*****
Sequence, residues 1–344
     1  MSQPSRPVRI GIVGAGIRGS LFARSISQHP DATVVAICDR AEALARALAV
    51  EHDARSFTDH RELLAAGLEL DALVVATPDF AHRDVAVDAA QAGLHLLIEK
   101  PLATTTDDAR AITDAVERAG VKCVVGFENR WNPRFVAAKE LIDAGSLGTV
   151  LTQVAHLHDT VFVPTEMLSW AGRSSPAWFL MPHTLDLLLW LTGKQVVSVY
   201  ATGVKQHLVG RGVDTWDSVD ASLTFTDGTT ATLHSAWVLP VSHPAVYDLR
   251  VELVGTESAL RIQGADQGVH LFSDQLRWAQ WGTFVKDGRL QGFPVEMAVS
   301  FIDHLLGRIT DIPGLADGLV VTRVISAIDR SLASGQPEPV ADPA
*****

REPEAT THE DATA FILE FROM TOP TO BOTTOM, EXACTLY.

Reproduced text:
Sequence, residues 1–344
     1  MSQPSRPVRI GIVGAGIRGS LFARSISQHP DATVVAICDR AEALARALAV
    51  EHDARSFTDH RELLAAGLEL DALVVATPDF AHRDVAVDAA QAGLHLLIEK
   101  PLATTTDDAR AITDAVERAG VKCVVGFENR WNPRFVAAKE LIDAGSLGTV
   151  LTQVAHLHDT VFVPTEMLSW AGRSSPAWFL MPHTLDLLLW LTGKQVVSVY
   201  ATGVKQHLVG RGVDTWDSVD ASLTFTDGTT ATLHSAWVLP VSHPAVYDLR
   251  VELVGTESAL RIQGADQGVH LFSDQLRWAQ WGTFVKDGRL QGFPVEMAVS
   301  FIDHLLGRIT DIPGLADGLV VTRVISAIDR SLASGQPEPV ADPA